Sunday, May 25, 2014

Aesop (Winter): Page 18

These stories are part of the Aesop (Winter) unit. Story source: The Aesop for Children, with illustrations by Milo Winter (1919).




The Bees and Wasps, and the Hornet



A store of honey had been found in a hollow tree, and the Wasps declared positively that it belonged to them. The Bees were just as sure that the treasure was theirs. The argument grew very pointed, and it looked as if the affair could not be settled without a battle, when at last, with much good sense, they agreed to let a judge decide the matter. So they brought the case before the Hornet, justice of the peace in that part of the woods.

When the Judge called the case, witnesses declared that they had seen certain winged creatures in the neighborhood of the hollow tree, who hummed loudly, and whose bodies were striped, yellow and black, like Bees.

Counsel for the Wasps immediately insisted that this description fitted his clients exactly.

Such evidence did not help Judge Hornet to any decision, so he adjourned court for six weeks to give him time to think it over. When the case came up again, both sides had a large number of witnesses. An Ant was first to take the stand, and was about to be cross-examined, when a wise old Bee addressed the Court.

"Your honor," he said, "the case has now been pending for six weeks. If it is not decided soon, the honey will not be fit for anything. I move that the Bees and the Wasps be both instructed to build a honey comb. Then we shall soon see to whom the honey really belongs."

The Wasps protested loudly. Wise Judge Hornet quickly understood why they did so: They knew they could not build a honey comb and fill it with honey.

"It is clear," said the Judge, "who made the comb and who could not have made it. The honey belongs to the Bees."

Ability proves itself by deeds.


The Lark and Her Young Ones



A Lark made her nest in a field of young wheat. As the days passed, the wheat stalks grew tall, and the young birds too grew in strength. Then one day, when the ripe golden grain waved in the breeze, the Farmer and his son came into the field.

"This wheat is now ready for reaping," said the Farmer. "We must call in our neighbors and friends to help us harvest it."

The young Larks in their nest close by were much frightened, for they knew they would be in great danger if they did not leave the nest before the reapers came. When the Mother Lark returned with food for them, they told her what they had heard.

"Do not be frightened, children," said the Mother Lark. "If the Farmer said he would call in his neighbors and friends to help him do his work, this wheat will not be reaped for a while yet."

A few days later, the wheat was so ripe, that when the wind shook the stalks, a hail of wheat grains came rustling down on the young Larks' heads.

"If this wheat is not harvested at once," said the Farmer, "we shall lose half the crop. We cannot wait any longer for help from our friends. Tomorrow we must set to work, ourselves."

When the young Larks told their mother what they had heard that day, she said: "Then we must be off at once. When a man decides to do his own work and not depend on any one else, then you may be sure there will be no more delay."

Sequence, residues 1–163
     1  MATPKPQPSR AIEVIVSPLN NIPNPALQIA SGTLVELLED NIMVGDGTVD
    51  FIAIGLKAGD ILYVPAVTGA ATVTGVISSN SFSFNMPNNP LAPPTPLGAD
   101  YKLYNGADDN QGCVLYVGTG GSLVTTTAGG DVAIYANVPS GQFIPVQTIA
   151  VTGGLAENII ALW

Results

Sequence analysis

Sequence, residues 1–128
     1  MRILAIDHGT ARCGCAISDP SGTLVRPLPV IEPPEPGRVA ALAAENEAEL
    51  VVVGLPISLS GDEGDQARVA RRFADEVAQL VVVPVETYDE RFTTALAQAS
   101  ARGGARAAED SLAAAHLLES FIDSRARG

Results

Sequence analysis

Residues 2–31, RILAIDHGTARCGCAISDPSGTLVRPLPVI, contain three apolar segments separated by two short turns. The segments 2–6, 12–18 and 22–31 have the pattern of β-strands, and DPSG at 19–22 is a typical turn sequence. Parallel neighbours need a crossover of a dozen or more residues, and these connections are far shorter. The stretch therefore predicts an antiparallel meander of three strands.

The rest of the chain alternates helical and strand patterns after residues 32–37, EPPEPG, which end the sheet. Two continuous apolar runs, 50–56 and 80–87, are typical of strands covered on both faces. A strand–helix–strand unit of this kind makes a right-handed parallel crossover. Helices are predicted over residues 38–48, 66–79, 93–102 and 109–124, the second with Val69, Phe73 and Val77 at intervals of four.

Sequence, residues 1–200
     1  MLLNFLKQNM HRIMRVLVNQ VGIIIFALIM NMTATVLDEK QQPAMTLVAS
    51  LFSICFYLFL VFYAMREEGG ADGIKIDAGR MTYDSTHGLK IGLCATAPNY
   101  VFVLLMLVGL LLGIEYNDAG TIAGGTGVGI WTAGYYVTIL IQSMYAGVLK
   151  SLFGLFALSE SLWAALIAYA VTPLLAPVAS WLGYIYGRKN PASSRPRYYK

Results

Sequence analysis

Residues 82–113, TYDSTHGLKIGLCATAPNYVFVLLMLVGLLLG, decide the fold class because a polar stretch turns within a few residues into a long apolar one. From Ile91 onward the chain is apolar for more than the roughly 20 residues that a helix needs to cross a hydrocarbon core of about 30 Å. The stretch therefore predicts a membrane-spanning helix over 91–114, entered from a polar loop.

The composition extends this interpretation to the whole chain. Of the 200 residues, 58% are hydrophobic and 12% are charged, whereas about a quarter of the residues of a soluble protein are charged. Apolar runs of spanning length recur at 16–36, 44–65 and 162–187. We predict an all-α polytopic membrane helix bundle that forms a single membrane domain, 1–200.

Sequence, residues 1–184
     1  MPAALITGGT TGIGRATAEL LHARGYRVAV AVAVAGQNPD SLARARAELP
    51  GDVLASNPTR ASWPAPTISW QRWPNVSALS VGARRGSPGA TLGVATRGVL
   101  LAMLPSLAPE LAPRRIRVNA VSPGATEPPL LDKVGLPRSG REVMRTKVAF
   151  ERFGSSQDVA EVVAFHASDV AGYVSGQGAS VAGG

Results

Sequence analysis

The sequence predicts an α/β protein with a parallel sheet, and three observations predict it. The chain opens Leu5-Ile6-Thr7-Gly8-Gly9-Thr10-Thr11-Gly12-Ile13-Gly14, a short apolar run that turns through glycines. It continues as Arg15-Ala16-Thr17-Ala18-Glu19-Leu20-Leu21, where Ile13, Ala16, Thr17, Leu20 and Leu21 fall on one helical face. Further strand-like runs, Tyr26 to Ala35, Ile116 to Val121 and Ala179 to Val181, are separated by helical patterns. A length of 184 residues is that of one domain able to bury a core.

There was much fluttering and trying out of wings that afternoon, and at sunrise next day, when the Farmer and his son cut down the grain, they found an empty nest.

Self-help is the best help.


The Cat and the Old Rat

There was once a Cat who was so watchful that a Mouse hardly dared show the tip of his whiskers for fear of being eaten alive. That Cat seemed to be everywhere at once with his claws all ready for a pounce. At last the Mice kept so closely to their dens that the Cat saw he would have to use his wits well to catch one. So one day he climbed up on a shelf and hung from it, head downward, as if he were dead, holding himself up by clinging to some ropes with one paw.

When the Mice peeped out and saw him in that position, they thought he had been hung up there in punishment for some misdeed. Very timidly at first they stuck out their heads and sniffed about carefully. But as nothing stirred, all trooped joyfully out to celebrate the death of the Cat.

Just then the Cat let go his hold, and before the Mice recovered from their surprise, he had made an end of three or four.

Now the Mice kept more strictly at home than ever. But the Cat, who was still hungry for Mice, knew more tricks than one. Rolling himself in flour until he was covered completely, he lay down in the flour bin, with one eye open for the Mice.

Sure enough, the Mice soon began to come out. To the Cat it was almost as if he already had a plump young Mouse under his claws, when an old Rat, who had had much experience with Cats and traps, and had even lost a part of his tail to pay for it, sat up at a safe distance from a hole in the wall where he lived.

"Take care!" he cried. "That may be a heap of meal, but it looks to me very much like the Cat. Whatever it is, it is wisest to keep at a safe distance."

The wise do not let themselves be tricked a second time.









(900 words)









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